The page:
Department of Biology, West Virginia University, West Virginia, United States
Abstract: Sustainable production of bioenergy that offsets downstream CO2 emissions requires building soil carbon (C) at both shallow and deep depths. While research suggests that deep-rooted perennial bioenergy crops may offer the greatest potential for increased soil C, much of this research has focused on shallow soils. This focus on shallow soils neglects deep soils which account for nearly a third of all soil C. Our objective was to link depth gradients in root biomass with microbial activity and soil C stocks down to 1 meter under the deep-rooted perennial bioenergy crop, Miscanthus. To do this, we dug five, quantitative soil pits under 20-year-old Miscanthus plots in Champaign-Urbana, IL. We extracted all the soil and root biomass in a 1m x 30 cm x 1m volume and separated the soils into five depths. To meet our objective, we measured microbial respiration, the ratio of mineral associated organic C (MAOC) to particulate organic C (POC), nitrogen mineralization and nitrification, and enzyme activity.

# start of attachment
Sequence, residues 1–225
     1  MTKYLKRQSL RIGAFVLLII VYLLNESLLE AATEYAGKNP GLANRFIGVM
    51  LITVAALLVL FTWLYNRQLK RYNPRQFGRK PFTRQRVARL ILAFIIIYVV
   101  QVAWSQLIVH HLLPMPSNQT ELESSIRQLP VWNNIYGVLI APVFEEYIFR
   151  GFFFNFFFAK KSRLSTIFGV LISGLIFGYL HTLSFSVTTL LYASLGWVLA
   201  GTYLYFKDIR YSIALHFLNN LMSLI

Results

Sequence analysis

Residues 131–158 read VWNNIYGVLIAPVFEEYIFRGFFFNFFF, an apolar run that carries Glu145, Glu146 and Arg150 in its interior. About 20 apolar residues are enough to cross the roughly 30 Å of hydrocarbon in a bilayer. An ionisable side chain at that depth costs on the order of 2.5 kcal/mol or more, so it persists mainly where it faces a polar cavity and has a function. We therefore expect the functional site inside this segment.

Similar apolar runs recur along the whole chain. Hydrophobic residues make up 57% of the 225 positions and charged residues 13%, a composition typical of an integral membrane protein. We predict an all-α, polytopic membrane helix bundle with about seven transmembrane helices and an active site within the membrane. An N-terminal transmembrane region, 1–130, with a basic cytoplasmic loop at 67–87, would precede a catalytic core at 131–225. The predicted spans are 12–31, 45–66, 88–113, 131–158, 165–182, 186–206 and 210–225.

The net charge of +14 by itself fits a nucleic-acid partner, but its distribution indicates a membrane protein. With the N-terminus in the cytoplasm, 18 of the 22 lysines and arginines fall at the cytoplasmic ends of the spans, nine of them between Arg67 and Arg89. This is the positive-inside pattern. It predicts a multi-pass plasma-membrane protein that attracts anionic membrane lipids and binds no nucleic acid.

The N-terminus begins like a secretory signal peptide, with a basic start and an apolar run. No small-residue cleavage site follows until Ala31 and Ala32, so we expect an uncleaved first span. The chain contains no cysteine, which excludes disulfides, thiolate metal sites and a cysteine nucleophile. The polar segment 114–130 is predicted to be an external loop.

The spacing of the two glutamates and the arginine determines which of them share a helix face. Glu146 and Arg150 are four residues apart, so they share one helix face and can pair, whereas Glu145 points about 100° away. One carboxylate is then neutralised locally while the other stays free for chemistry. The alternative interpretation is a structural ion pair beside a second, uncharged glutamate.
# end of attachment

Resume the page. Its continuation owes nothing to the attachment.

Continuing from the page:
Our results show that depth declines in root biomass were the primary driver of microbial activity and soil C stabilization gradients. For microbial activity, we found that in the top 30 cm where root biomass was the greatest, there was nearly an order of magnitude more net nitrogen mineralization and nitrification, and nearly 2-fold greater microbial respiration and enzyme activity than in the soil depths below 30 cm. Soil C was more evenly distributed with depth, but the top 30cm still contained 56% of the total C. In addition, there was a strong shift in the ratio of MAOC-to-POC with depth. The top 15cm had more POC (MAOC-to-POC=5.54); whereas the soil in the 85-100cm depth was dominated by MAOC (MAOC-to-POC=30.77). These results suggest that fundamentally different processes drive soil C stabilization with depth in Miscanthus soils. In the top 30cm of soils, the low MAOC-to-POC ratio is likely due to greater inputs that exceed the capacity of microbial decomposition and the saturation of available mineral surfaces. By contrast, in deeper soils, the opposite is likely occurring. Given that these depths have 75% of the total soil mass but only 46% of the total soil C, there may be the potential to build more MAOC.